At the heart of Nvidia's business model is the plain old PC. Sure, that market is depressed and suffering its first year of negative growth since its beginnings in 1981. But that's all the more reason to like Nvidia's penetration plan. "The graphics chip is the last differentiator that a computer maker can offer to the customer," says Michael Hara, Nvidia's chief of investor relations. "Show the average user a 1 gigahertz Pentium 4 and a 750 megahertz Pentium 3 and they can't tell the difference in performance. But show them a computer with one of our chips in it vs. our competitor's model, and their eyes will bulge."
While that certainly sounds boastful, Hara's contention can't be dismissed. In just three years, Nvidia has gone from being a small components supplier in the gaming community to owning 53% of the graphics-chip market, according to Mercury Research. That market has shrunk from as many as 30 different producers to just three: Nvidia, Intel, and ATI Technologies (ATYT ). And ATI has been losing significant market share to Nvidia in the past years and is likely behind the technology curve. Intel, which includes graphics technology on its logic chipsets, doesn't even produce stand-alone graphics chips.
If you're still not convinced, many experts say nForce and Xbox won't be Nvidia's only sources of new growth. The company is entering new segments of the PC market. Its first laptop product, the GeForce 2Go, has been put in Dell and Toshiba notebook computers. And Nvidia offers different iterations of the GeForce for low-priced PCs as well as for high-end graphics workstations, both of which are new areas for Nvidia and potentially worth hundreds of millions of dollars in revenue.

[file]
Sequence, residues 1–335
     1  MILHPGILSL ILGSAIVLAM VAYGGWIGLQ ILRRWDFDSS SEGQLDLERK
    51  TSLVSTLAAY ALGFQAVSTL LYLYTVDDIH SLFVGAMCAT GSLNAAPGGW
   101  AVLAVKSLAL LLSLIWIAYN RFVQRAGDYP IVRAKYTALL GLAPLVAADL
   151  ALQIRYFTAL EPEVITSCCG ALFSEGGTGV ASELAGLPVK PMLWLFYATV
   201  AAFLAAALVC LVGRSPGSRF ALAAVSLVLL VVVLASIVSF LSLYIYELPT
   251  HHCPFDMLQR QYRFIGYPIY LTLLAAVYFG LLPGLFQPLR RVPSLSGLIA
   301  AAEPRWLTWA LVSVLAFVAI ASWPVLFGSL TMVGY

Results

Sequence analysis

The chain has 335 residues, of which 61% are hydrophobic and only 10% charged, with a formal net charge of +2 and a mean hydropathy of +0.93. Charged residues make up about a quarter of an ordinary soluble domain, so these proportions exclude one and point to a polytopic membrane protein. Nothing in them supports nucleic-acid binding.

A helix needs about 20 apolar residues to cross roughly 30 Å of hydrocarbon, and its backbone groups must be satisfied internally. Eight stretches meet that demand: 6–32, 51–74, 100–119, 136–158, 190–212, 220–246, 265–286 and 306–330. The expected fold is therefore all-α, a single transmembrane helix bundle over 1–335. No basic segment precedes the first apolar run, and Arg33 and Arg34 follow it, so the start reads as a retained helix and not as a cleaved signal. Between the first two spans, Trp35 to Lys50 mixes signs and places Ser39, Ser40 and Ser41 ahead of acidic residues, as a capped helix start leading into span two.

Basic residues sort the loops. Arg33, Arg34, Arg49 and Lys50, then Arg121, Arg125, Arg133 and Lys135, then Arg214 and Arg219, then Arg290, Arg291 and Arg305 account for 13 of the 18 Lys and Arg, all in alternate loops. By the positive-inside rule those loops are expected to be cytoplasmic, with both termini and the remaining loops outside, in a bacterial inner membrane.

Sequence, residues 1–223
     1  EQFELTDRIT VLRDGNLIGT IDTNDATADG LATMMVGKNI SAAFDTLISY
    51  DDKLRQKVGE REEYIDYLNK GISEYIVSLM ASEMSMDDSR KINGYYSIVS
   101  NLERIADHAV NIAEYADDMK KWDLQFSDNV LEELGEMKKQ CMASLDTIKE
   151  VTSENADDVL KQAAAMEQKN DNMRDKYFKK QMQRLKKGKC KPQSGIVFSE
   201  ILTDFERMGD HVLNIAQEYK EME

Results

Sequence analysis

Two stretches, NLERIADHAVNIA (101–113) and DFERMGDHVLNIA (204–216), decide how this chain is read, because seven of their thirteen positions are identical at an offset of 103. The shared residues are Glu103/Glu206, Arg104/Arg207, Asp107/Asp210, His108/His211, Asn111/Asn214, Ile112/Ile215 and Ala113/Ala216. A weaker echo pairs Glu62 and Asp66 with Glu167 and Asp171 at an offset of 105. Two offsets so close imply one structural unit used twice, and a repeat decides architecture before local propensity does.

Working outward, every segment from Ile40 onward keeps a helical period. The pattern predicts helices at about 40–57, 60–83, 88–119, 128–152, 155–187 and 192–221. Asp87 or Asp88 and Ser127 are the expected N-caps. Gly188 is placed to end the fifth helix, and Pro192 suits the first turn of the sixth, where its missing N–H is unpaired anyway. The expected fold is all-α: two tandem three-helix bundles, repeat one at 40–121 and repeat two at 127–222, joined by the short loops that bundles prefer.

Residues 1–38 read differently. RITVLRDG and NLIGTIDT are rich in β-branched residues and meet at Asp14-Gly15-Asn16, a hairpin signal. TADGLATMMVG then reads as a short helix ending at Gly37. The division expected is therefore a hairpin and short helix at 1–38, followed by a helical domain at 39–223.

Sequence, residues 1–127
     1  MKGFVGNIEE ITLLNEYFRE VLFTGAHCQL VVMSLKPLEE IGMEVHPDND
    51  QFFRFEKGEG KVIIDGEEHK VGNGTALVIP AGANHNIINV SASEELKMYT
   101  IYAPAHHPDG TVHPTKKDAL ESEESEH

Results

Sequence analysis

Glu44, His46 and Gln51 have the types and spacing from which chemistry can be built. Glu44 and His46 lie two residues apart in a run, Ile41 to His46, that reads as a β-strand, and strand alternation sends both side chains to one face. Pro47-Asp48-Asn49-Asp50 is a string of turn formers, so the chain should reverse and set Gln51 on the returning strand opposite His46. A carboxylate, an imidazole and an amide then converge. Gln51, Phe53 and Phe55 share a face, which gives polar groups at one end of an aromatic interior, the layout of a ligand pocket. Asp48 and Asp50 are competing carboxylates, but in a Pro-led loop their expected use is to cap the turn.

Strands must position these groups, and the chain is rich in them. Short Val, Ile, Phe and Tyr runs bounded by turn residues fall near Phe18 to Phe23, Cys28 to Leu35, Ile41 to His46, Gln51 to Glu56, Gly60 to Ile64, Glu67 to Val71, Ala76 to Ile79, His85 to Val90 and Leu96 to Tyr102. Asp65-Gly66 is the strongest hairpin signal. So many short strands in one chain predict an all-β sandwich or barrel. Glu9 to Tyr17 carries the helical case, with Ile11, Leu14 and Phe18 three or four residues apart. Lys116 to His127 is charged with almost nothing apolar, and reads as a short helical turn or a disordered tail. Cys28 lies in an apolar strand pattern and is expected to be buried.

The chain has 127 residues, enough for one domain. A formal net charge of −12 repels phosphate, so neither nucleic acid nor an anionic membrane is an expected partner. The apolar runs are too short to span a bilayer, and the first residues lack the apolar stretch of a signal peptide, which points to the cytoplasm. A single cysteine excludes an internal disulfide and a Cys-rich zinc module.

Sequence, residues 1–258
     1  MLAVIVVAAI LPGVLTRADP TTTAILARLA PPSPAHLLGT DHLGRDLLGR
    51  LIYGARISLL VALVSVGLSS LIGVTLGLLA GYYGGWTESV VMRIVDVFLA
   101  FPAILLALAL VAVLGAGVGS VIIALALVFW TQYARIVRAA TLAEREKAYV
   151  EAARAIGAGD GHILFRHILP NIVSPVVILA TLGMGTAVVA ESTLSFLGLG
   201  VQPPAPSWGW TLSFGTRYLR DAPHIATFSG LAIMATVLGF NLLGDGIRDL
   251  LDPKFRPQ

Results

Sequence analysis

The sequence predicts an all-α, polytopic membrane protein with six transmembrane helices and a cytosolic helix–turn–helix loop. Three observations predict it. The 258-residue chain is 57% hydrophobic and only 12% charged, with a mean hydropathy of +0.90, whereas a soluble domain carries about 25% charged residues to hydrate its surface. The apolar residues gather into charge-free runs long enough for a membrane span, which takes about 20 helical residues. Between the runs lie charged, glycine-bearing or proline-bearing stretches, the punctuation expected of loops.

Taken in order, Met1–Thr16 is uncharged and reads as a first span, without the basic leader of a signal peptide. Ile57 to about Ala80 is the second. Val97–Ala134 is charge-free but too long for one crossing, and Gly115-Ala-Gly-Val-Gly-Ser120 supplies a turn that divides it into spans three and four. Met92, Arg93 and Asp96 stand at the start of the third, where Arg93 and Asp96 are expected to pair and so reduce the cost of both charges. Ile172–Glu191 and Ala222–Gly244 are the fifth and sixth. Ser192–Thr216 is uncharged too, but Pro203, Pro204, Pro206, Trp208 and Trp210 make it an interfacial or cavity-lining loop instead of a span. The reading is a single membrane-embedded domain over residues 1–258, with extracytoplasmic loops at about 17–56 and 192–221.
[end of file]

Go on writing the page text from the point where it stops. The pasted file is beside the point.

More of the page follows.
Nevertheless, doubters are many. Short sellers, betting the stock price will plunge, hold 19% of Nvidia shares. High on their list of criticisms: No one has ever conquered the graphics-chip market before, and Nvidia is too wed to the PC cycle, which is now in a slump.
But Dundee's Hodgson sees the short interest as a positive sign. As the stock moves higher, the shorts will be forced to sell their shares to limit their losses, causing the stock-price rise to accelerate even further. "They're clearly worried about the volatility of the graphics-chip market," says Hodgson. "But they're just looking in the rearview mirror, and I think it really is different this time."
The view out the windshield sure is. Analysts expect Nvidia to earn $1.87 per share in fiscal 2002, which ends in January, and $2.31 per share the next year on $1.5 billion in revenue, according to First Call. Can such rambunctious growth predictions be believed in a period of economic stagnancy? "They certainly go against the mold, but I have more confidence in Nvidia reaching its lofty goals than I have in any other company I follow to reach much reduced goals. This stock deserves an aggressive growth premium," says Weisel's Ross. And after all, even in the worst of times, games have to have some winners.
Jaffe writes about the markets for BusinessWeek Online in our daily Street Wise column
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Edited by Beth Belton